DIXFIELD – Police Chief Jeff Howe spoke to the Board of Selectmen on Monday evening about finding more space for the Police Department.

Howe said the department had received a grant for new body cameras and to house the data from them it would have to purchase a stand-alone computer with an external hard drive.

“Unfortunately, we’re at the point where the office is getting pretty cramped and to fit a new computer we’ll have to go across the hall into a closet,” Howe said.

The department is on Route 2 in the same building as the Public Works Department.

“We’re a police station inside a garage,” Howe said. “At times, I can hear the Public Works crew doing work, and it makes it hard to conduct an interview, or just do regular paperwork.”

He said there are security concerns in terms of keeping classified documents private.

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“The way our office is set up, when I’m looking through files for a case, people can lean right across the desk and see what I’m looking at,” Howe said. “Some of these documents aren’t meant to be seen by the public.”

Howe said if the Police Department were to move into a different location, it would also give the Public Works Department more room.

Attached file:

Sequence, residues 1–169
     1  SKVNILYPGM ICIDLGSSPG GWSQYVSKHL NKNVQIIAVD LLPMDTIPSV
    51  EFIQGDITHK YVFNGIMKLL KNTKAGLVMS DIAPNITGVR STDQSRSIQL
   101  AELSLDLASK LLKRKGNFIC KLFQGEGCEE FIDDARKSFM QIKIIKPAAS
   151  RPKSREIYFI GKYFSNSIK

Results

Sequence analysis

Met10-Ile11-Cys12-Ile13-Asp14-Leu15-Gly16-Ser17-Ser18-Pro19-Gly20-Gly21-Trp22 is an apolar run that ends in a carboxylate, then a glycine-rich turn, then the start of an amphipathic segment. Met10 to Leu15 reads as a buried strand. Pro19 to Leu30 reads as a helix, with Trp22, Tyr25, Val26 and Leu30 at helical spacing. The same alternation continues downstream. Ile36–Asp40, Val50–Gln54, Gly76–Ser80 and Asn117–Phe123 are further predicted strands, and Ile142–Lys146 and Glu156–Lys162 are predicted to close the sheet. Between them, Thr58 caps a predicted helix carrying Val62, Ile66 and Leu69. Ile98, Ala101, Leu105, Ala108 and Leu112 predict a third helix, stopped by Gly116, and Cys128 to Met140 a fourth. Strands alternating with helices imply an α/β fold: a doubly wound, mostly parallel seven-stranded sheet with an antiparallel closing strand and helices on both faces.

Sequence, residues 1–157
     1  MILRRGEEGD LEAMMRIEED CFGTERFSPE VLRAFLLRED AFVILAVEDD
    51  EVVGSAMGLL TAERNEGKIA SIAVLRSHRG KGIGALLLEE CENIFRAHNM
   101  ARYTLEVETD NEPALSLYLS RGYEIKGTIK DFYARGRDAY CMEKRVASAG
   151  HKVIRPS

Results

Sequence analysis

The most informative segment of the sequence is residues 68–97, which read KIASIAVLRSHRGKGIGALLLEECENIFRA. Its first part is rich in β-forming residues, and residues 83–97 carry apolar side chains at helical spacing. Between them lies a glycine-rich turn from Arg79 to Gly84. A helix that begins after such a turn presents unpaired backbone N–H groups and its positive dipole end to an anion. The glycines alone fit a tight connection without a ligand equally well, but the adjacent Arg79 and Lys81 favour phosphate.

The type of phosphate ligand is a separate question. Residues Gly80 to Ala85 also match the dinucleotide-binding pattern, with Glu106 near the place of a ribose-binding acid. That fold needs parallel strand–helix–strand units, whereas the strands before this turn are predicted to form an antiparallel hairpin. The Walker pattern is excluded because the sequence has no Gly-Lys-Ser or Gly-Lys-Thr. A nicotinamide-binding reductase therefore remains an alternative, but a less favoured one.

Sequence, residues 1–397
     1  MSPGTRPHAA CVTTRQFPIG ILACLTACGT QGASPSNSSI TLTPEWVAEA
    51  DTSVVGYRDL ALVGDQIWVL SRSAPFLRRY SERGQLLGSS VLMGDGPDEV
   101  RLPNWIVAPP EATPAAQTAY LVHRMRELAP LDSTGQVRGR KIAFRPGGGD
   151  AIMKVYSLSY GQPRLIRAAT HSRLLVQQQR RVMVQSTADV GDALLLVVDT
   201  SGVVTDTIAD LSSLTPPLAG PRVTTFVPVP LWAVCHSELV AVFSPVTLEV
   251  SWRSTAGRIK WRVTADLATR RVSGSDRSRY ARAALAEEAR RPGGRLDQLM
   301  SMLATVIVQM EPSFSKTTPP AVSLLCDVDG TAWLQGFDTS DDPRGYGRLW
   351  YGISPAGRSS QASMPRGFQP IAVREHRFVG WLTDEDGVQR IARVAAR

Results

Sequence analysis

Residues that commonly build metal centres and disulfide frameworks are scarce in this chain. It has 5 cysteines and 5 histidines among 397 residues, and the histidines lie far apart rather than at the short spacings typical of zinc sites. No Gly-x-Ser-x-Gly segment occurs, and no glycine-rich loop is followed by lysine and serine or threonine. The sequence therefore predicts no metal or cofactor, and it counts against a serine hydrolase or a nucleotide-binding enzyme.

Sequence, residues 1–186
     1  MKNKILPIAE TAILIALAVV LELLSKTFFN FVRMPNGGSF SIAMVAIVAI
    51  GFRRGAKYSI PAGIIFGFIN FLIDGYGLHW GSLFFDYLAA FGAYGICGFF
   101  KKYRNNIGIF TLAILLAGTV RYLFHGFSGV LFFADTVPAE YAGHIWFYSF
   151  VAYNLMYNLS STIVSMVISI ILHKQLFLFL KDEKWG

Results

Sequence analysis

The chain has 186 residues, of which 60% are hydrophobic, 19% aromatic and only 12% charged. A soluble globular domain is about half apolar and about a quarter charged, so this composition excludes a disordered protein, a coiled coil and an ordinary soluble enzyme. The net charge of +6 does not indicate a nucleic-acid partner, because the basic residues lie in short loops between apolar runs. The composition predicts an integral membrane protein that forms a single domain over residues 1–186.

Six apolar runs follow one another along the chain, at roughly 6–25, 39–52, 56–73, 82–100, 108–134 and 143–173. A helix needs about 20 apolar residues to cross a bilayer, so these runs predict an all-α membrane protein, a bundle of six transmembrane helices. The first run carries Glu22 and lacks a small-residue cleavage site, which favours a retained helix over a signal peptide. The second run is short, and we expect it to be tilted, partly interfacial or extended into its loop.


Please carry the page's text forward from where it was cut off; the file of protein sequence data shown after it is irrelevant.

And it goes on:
“I know that (Public Works Foreman) Randy (Glover) and his crew have a lot of projects that they’d like to work on, and if the Police Department were in a different building, that would clear up a lot of space for them to do more work,” Howe said.

He suggested the board visit the Police Department and see what it looks like.

“Oh, believe me, I’ve been in there,” Chairman Hart Daley said. “I wouldn’t want to work out of that office space.”

Howe said he “knows it would be a big step for the town, expense-wise” to look at a new location.

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“Sometimes, you have to take a step forward in order to keep up with the times,” he said.

Daley suggested the board schedule a public hearing about the issue.

Selectman Dana Whittemore told Howe he agreed the department needs more space and the town “shouldn’t wait too long to make a decision, so our options don’t disappear.”

Resident Dan McKay said the town should consider creating a committee of residents to discuss the issue.

“It seems like this thing would be a pretty big undertaking,” McKay said. “A little big for a board that only meets twice a month.”

“These are the kinds of things that we could be discussing at a public hearing,” Daley said.

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